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Why Clinicians Don’t Trust Your ML/DL Algorithm…

As a physician data scientist and healthcare administer, one of the frequent complaints I hear from other data scientists is that it is difficult to get clinicians to accept the validity of their “new prediction tool”. While I personally feel that the the perception of the clinical community is shifting towards embracing big data and predictive analytics, I am also acutely aware that there is indeed an environment of mistrust between clinicians, administrators, and data analysts/scientists. What steps can we take to change these perceptions and shift towards an environment of collaboration? Here are my thoughts.

1) Clinicians and Data Scientists speak different languages.

Over 77% of clinicians have undergraduate degrees in either the biological sciences, premed, or another physical science (see US Bureau of Labor link below). Further, while most have participated in some type of bench research, they tend to focus on the biochemical aspects of the research more than statistical and mathematical modeling. There are certainly exceptions and finding a MD/PhD, clinical nurse informaticist, or clinician with a MPH in field is not necessarily difficult. Such clinicians bridge a critical gap between the academic and operational medical communities. That said, while one or two classes of calculus are a requirement for medical school admission, statistics is not.

Most clinicians obtain their first introduction to statistics during their academic years of medical school. Gradually, we gather more detailed exposure throughout clinical rotations, residency, and pragmatic analysis of journal articles. I still remember sitting in journal rounds, where every resident either attempted to talk around the statistics section of the article, or just admitted that they had no idea about the validity of the statistics decided upon.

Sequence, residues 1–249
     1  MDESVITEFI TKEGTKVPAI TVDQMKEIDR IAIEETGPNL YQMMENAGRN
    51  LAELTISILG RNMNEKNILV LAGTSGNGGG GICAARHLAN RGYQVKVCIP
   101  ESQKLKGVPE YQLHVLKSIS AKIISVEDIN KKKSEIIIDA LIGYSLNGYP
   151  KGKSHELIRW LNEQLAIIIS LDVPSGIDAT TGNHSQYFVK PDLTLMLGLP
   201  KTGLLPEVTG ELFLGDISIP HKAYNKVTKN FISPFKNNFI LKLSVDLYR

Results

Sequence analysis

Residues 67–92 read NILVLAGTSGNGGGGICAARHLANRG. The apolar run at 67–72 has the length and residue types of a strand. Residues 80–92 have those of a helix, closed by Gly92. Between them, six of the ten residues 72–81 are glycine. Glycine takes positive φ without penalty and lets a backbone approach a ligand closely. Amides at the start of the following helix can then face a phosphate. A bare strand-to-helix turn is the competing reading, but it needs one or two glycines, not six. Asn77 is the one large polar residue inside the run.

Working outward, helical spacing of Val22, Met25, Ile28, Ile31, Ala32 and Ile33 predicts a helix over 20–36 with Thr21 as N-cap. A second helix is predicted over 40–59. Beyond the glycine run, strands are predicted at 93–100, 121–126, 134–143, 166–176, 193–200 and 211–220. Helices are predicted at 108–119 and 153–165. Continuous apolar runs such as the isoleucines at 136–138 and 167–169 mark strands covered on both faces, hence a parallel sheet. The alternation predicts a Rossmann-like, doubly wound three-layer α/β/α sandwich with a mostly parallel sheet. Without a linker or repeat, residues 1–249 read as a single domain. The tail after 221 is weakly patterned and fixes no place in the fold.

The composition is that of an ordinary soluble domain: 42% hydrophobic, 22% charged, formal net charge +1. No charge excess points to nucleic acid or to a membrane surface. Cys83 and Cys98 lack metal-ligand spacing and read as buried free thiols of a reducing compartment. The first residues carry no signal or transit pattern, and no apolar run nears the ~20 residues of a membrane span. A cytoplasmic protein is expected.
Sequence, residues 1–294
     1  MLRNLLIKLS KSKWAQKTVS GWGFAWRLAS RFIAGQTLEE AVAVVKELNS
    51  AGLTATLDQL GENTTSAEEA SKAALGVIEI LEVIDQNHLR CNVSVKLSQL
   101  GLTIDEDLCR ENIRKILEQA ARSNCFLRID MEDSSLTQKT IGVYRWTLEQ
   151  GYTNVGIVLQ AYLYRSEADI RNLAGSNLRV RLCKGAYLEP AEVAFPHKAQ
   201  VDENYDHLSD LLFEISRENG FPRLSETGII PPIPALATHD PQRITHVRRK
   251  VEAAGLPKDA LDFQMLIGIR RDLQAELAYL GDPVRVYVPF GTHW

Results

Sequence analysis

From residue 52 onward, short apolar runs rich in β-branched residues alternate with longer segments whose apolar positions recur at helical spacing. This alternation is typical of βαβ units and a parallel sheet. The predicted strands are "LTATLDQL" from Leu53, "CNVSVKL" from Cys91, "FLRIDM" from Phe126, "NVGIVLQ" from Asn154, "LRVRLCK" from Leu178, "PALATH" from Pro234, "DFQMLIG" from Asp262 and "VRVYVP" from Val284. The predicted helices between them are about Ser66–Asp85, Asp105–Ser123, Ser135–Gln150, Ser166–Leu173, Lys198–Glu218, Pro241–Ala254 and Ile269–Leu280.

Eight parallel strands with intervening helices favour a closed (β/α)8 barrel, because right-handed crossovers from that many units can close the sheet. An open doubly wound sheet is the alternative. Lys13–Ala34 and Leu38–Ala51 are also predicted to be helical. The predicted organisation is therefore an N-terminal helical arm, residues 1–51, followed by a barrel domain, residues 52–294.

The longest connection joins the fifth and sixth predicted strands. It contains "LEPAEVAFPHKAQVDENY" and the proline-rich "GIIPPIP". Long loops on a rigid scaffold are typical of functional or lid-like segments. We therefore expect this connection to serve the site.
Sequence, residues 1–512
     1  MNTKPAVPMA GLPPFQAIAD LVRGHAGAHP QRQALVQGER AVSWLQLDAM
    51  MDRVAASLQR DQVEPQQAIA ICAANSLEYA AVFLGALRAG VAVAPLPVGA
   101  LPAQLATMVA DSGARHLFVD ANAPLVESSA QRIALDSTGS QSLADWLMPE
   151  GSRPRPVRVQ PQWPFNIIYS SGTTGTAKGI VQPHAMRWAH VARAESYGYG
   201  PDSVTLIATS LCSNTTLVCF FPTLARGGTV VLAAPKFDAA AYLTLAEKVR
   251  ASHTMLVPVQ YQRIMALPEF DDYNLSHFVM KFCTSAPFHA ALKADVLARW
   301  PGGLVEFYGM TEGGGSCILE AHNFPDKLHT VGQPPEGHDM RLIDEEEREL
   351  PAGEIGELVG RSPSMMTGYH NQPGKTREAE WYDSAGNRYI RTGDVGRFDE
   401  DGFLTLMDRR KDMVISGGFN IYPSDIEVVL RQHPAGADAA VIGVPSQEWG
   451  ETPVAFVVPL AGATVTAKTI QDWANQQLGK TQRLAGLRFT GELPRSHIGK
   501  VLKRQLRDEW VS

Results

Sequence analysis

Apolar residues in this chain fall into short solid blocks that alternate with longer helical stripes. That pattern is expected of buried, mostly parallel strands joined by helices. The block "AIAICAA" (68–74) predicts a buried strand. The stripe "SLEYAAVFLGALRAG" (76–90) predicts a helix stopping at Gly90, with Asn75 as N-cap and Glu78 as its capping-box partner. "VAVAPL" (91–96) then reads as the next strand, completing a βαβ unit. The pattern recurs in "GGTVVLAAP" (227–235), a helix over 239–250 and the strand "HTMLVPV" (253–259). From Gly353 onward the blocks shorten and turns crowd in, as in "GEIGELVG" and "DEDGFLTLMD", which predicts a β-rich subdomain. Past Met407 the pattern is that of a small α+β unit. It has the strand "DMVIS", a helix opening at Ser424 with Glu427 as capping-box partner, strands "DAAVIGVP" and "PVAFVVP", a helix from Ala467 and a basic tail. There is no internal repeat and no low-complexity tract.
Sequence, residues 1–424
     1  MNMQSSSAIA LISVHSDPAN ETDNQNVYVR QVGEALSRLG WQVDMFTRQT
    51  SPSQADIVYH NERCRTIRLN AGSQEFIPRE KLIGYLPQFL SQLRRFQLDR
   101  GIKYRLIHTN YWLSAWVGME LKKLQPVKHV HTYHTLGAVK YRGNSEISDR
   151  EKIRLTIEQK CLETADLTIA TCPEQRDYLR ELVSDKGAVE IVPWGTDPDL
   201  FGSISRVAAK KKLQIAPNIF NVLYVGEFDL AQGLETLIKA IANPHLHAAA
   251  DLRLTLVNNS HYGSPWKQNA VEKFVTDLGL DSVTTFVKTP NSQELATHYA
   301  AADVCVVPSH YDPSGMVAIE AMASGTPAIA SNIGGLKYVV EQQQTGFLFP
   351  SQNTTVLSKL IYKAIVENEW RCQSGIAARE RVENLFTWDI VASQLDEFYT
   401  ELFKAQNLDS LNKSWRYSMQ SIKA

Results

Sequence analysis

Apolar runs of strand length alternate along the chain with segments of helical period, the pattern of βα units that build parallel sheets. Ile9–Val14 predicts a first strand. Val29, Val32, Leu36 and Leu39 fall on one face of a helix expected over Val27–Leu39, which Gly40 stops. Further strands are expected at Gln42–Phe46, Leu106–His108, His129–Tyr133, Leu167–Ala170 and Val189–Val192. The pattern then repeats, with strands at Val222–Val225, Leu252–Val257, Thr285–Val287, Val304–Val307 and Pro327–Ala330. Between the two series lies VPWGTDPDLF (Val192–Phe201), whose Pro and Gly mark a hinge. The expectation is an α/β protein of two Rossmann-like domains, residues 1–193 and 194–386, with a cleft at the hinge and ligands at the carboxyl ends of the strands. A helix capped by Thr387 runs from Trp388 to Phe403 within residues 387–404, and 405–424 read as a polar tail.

One is left to question if clinicians even care about statistics? YES! In fact, physicians literally make life and death choices based on these statistics. That said, clinicians are taught to rapidly amalgamate large amounts of information in order to derive practical applications to care for a patient. They simply don’t have time while trying to learn their craft to worry about the details behind regressions, random forests, support-vector machines, and deep neural networks. Most clinicians focus entirely on p-scores, LR’s, CI’s, sensitivity, specificity, NPV, and PPV.

Further, most data scientists come from a computer science or mathematics background and have little, or no, experience in clinical medicine. This is a critical point to keep in mind as we attempt to convince the clinical community that we are capable of developing data leveraging answers to solve complex clinical problems.

2) Data Scientists Need To Think In Terms of “Gold Standards” and Clinical Decision Making Structures…

In the clinical world, a “Gold Standard” test is a test that defines a condition. As an example, in the clinical world, the gold standard test for Influenza A is a viral culture. This culture has a specificity of 100% because by definition it defines the diagnosis of influenza A. There can be no false positives with a confirmatory gold standard test. Likewise, a gold standard screening test would have a sensitivity of 100%, meaning that false negatives can not exist. If the scientific community develops a test that supersedes the gold standard then the definition of the diagnosis changes. Wikipedia has a good discussion on this topic if you want to dive in further.

To complicate things a little, we often speak of gold standard tests when they are only the gold standard in terms of practicality. An example would be in the diagnosis of a stroke. The gold standard for clinical diagnosis of a hemorrhagic stroke would be a CT scan obtained within the first three hours of suspected diagnosis. In this case the clinical gold standard does not match the pathological gold standard which is a postmortem autopsy (most patients try to avoid this test!)